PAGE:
The Wit of Samuel Johnson

Lead: Born in poverty in 1709, Samuel Johnson became England's premier eighteenth-century man of letters and was the author of the first great dictionary of the English language.

Intro.: A Moment in Time with Dan Roberts.

Content: The son of a bookseller, Johnson early on developed a healthy appetite for reading but he was not a willing convert to scholarship. He later attributed his commanding knowledge of Latin to the severe beatings he received at the hand of his master at Litchfield grammar school. Johnson spent thirteen months at Pembroke College, Oxford but had to leave because the money ran out. Back in Litchfield he attempted to start a school of his own, which failed, and he acquired a wife, Tetty Porter, a widow twenty years his senior. Their stormy years together became the source of his many clever observations on married life, such as this one, "if marriage is a struggle against the odds, remarriage is the triumph of hope over experience."

 

A House Divided: Emancipation Strategy IV

Lead: One hundred and fifty years ago the Republic was facing its greatest crisis. This continuing series examines the American Civil War. It is "A House Divided."

Intro.: A Moment in Time with Dan Roberts.

Content: As the Civil War deepened and as the blood and sacrifice on both sides became more profound, Abraham Lincoln began seeking an edge to improve the Union’s chances of prevailing. After a stream of good news from the West earlier in the year, by summer 1862 Union military fortunes had fallen on hard times. Lincoln began to consider striking a powerful economic and, as it turned out, military blow against the rebels. He had begun to formulate an Emancipation Proclamation. Lincoln started looking for the opportune moment to issue it, meaning he needed a Union victory so as to insure that such a revolutionary and precipitous move might not seem to be an act of desperation.

A House Divided: Emancipation Strategy III

Lead: One hundred and fifty years ago the Republic was facing its greatest crisis. This continuing series examines the American Civil War. It is "A House Divided."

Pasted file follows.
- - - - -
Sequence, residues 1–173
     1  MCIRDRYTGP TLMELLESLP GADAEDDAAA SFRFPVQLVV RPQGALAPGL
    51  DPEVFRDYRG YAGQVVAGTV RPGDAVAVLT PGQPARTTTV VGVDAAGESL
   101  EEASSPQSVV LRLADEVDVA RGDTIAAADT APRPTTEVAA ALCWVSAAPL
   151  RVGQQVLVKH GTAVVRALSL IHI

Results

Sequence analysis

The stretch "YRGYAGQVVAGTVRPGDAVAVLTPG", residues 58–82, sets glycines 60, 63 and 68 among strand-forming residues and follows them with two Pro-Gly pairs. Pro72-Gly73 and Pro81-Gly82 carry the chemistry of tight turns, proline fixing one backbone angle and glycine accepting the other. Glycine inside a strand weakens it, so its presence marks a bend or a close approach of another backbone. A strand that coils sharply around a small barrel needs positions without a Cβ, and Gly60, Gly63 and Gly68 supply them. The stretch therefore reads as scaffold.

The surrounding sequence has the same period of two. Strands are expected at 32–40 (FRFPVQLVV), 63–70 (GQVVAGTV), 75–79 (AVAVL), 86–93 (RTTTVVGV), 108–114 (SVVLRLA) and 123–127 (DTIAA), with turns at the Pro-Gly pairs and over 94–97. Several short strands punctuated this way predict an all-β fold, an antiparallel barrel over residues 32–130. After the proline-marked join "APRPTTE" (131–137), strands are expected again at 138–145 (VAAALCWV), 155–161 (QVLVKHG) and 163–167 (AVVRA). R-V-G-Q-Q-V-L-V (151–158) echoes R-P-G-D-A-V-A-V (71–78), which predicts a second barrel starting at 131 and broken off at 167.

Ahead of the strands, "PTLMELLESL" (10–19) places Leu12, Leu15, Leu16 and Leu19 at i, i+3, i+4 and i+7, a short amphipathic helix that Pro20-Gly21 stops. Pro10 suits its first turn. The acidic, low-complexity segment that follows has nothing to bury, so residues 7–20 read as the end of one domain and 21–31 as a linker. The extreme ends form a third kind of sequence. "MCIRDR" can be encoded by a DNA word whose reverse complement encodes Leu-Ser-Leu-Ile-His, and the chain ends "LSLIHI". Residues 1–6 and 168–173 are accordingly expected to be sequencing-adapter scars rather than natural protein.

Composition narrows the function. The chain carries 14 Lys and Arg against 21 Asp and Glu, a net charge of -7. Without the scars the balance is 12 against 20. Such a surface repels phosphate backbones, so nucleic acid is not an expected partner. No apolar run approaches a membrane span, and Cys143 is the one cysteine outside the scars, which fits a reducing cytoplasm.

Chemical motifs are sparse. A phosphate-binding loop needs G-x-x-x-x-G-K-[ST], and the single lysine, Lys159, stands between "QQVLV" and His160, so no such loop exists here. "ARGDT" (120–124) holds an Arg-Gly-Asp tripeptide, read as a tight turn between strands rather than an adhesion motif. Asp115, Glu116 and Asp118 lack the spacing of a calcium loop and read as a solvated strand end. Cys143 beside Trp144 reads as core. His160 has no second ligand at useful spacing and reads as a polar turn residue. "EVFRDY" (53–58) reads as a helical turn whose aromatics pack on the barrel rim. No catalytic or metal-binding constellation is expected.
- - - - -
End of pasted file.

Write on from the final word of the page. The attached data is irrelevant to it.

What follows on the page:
Intro.: A Moment in Time with Dan Roberts.

Content: Southerners were determined to preserve slavery and willing to fight for the independence that would insure that institution’s continuance. Northern Democrats supported the Union but were split between those who favored the war to force the South to give up its quest for independence and those who wished to treat with the South to effect a voluntary restoration of national unity. Yet, both War and Peace Democrats were absolutely opposed to any notion of interfering with slavery. They were united in their desire to preserve a white America and rejected abolition in any form.

 

A House Divided: Emancipation Strategy II

Lead: One hundred and fifty years ago the Republic was facing its greatest crisis. This continuing series examines the American Civil War. It is "A House Divided."

Intro.: A Moment in Time with Dan Roberts.

Content: American political parties are essentially coalitions with a variety of opinions and social and economic impulses gathered under a single political tent organized to recruit, fund, and elect candidates for office at various levels. The bigger the tent, so the theory goes, the greater the party’s success.

 

 

A House Divided: Emancipation Strategy I

Lead: One hundred and fifty years ago the Republic was facing its greatest crisis. This continuing series examines the American Civil War. It is "A House Divided."

Intro.: A Moment in Time with Dan Roberts.